Isn't that cool? It made my day brighter, and I bet my expression of gratitude after all these years made his day a little brighter, too. I only wondered why I hadn't done it earlier.
If you have a Kevin in your life--and I bet most of us do--why not track him or her down and say thanks?
I stumbled onto an article on the Huffington Post earlier today about a photography exhibit called "Imaginary Couples," wherein straight people pose with other same-sex people as couples. The point is supposed to be that love is universal and that gay love is not inferior to straight love.
While I think the idea behind this series is great, it feels kind of weird, as if it is saying that homosexuality is somehow validated by the fact that even straight people can demonstrate loving queerness. Or something.
I know that this isn't what the exhibit is trying to say--not at all. But something about it still feels "off" to me. Like... we can represent ourselves, thanks. I mean, what about an exhibit that showed able-bodied people in wheelchairs? Wouldn't that be kind of offensive?
To me, this would have been more conceptually interesting if it had also included gay people pretending to be straight, or simply people who weren't in relationships pretending to be in relationships. Or all of the above, plus some gay and straight couples who actually were in relationships. That might have said something kind of interesting about how we think about love and coupling and relationships.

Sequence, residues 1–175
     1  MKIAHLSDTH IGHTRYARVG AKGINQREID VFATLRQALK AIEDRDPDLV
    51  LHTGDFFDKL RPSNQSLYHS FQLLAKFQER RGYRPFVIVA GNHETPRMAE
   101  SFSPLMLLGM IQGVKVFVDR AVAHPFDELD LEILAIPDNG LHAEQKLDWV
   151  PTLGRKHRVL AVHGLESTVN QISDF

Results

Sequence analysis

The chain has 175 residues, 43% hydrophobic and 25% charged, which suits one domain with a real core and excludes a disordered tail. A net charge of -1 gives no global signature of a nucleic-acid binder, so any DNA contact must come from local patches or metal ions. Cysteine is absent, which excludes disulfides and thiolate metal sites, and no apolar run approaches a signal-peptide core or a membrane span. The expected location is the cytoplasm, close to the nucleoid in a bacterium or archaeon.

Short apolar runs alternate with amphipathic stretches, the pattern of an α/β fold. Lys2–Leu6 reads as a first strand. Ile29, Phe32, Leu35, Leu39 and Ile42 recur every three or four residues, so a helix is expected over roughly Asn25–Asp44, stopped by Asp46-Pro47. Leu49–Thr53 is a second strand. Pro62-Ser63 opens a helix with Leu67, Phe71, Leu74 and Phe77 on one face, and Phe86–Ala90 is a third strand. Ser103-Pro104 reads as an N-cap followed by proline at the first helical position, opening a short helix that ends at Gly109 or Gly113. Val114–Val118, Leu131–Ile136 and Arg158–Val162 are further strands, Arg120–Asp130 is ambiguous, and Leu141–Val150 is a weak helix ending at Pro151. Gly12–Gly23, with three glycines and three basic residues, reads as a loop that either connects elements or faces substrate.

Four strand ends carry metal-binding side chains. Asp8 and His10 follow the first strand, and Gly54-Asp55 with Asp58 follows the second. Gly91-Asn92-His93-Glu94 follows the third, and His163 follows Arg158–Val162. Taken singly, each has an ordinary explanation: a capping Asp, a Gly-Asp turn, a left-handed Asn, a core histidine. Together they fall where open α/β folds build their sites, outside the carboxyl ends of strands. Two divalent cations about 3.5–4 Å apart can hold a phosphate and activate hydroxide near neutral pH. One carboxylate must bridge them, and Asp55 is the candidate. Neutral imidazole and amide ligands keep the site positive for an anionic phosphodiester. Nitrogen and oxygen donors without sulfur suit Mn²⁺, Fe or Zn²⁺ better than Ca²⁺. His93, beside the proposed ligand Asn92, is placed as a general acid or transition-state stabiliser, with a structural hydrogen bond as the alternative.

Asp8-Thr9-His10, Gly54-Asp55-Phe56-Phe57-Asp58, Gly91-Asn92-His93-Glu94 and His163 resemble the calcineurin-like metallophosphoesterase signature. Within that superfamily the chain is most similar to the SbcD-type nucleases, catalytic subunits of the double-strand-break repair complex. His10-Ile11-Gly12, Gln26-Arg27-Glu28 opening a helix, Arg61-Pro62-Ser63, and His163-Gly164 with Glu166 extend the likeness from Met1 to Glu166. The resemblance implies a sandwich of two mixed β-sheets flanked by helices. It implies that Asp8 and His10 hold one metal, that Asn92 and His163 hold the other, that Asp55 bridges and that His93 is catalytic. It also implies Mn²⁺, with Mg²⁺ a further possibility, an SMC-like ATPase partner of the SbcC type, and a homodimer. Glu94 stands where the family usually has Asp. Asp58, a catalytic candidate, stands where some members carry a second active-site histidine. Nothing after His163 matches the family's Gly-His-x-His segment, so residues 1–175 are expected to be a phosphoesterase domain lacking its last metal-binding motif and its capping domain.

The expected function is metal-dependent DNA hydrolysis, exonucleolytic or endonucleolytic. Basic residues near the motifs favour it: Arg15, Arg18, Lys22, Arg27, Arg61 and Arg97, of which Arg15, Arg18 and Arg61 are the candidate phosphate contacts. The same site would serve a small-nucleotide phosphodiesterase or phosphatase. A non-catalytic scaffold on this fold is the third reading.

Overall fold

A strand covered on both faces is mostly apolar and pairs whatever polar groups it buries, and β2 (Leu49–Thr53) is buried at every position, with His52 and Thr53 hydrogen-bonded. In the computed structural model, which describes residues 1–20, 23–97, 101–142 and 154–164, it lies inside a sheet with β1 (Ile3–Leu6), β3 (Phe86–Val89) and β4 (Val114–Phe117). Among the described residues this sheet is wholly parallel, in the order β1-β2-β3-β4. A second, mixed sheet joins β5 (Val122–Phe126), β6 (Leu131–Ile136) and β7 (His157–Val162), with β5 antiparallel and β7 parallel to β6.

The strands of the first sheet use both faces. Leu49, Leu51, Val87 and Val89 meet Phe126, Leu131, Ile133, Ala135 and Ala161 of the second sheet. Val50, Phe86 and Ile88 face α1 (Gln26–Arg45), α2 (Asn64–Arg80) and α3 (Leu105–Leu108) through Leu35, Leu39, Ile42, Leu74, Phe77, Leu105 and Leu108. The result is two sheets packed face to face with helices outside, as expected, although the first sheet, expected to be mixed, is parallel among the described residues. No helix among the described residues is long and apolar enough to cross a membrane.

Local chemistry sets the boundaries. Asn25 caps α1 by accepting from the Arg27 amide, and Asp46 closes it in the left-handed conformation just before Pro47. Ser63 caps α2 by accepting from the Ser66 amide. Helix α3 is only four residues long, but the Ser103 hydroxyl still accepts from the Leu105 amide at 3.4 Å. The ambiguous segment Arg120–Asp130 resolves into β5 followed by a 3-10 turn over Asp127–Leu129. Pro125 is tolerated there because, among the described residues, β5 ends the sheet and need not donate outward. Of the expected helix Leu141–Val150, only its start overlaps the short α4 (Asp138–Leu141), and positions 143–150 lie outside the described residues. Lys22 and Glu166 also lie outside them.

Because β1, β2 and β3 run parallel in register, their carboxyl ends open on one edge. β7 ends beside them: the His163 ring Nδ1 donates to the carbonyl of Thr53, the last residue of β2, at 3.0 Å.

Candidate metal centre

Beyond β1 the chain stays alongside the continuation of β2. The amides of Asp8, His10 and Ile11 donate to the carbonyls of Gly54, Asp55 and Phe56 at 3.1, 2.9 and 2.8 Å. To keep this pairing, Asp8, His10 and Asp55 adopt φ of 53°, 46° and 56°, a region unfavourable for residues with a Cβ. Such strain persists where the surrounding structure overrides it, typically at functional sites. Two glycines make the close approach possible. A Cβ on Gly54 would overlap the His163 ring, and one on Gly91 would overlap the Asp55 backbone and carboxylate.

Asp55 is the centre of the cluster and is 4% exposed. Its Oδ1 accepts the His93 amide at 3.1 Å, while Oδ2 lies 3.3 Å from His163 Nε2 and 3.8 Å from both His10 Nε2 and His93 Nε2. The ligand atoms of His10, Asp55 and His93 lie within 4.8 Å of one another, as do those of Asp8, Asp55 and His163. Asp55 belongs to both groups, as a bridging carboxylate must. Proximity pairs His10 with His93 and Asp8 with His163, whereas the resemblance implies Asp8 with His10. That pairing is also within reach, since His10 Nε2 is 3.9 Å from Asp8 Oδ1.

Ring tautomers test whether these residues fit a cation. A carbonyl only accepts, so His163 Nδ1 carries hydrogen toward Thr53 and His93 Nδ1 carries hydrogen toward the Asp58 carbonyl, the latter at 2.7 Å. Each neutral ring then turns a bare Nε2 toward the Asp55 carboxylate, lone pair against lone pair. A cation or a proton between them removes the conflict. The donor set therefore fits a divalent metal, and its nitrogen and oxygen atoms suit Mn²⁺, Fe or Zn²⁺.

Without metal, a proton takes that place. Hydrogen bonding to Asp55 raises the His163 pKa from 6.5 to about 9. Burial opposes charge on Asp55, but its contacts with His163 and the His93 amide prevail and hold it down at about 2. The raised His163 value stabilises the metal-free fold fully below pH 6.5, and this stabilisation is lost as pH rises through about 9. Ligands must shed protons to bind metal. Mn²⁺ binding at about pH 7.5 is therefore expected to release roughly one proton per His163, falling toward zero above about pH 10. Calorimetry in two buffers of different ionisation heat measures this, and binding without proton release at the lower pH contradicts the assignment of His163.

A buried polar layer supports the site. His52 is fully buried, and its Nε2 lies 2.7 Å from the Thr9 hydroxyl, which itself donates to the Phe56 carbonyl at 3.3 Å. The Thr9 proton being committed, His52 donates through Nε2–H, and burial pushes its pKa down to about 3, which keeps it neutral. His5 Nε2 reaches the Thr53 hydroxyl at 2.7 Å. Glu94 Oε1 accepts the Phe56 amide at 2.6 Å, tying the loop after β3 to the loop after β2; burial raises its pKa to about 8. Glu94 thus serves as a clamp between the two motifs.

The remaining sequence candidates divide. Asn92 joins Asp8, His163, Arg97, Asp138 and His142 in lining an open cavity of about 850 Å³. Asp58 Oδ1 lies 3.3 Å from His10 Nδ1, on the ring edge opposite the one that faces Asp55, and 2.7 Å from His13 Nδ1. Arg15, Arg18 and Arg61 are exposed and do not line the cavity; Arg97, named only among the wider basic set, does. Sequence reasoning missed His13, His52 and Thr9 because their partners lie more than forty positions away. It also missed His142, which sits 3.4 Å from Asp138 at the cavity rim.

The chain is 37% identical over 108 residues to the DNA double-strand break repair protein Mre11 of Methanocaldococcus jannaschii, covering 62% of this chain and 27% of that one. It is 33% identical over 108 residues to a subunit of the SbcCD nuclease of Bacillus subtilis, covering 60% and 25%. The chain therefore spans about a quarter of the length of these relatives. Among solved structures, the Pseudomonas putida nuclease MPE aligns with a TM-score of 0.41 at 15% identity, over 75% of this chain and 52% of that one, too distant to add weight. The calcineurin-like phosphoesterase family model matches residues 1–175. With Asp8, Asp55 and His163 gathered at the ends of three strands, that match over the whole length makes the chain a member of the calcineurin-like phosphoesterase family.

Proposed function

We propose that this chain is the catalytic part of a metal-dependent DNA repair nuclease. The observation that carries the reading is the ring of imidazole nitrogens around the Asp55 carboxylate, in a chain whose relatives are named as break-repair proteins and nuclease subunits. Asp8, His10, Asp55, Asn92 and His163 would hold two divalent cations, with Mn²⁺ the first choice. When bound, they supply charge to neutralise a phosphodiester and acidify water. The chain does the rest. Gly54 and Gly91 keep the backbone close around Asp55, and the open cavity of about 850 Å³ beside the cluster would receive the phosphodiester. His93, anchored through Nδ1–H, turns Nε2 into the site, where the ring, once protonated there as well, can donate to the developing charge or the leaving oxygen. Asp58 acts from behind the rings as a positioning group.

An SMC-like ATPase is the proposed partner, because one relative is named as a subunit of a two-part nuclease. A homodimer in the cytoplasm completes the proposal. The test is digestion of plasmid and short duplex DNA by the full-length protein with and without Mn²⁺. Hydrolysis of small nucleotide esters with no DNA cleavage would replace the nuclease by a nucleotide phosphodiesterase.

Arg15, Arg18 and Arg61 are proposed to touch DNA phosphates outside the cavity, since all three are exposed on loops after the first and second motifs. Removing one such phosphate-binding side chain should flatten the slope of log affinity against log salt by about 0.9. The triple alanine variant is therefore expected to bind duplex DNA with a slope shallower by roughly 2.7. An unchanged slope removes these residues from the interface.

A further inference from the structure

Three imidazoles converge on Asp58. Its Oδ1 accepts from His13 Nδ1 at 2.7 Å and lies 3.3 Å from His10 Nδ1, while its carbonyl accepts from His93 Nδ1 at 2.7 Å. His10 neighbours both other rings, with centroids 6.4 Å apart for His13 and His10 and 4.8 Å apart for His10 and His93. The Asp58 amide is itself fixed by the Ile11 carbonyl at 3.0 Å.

But instead, I'm just left kind of scratching my head. What do you all think about this?
For those of us who celebrate Christmas (or give gifts to people who do), the time for timely gift purchases is quickly disappearing. You don't want to buy the first shiny thing you see at Target, but at the same time, you don't have days and days to ponder the perfect gift. Never fear--I've got you covered. Here are some excellent last-minute gift ideas for the butches on your list. (I bet some of the non-butches on your list might find these ideas pretty cool, too.)
Also, if you're a straight, cisgendered individual who's having trouble figuring out a gift for someone less gender-conforming than yourself, please review my straight people's guide to choosing gifts for butches, will ya?
That's all I've got for now, friends. Feel free to hit me up on Facebook if you want any last-minute gift advice, and I'll do my best to help you out. Good luck with your last-minute holiday shopping, and safe travels wherever you're off to. Whether you're hanging with a big flock of family, a small group of friends, your significant other, or flying solo, I hope you're getting some rest and rejuvenation. Here's to love and health for all of us as we get ready for 2016!
Most years since I've started this blog, I've written something about the holidays (e.g., a primer on Holiday Depression, a discussion about feeling alienated during holidays, some thoughts about "letting go" for the holidays, and my favorite, a guide to having your lesbian daughter home for the holidays). You might think that all my reflection about the topic would mean that I have the holidays totally figured out. Nailed. Dialed. Nope.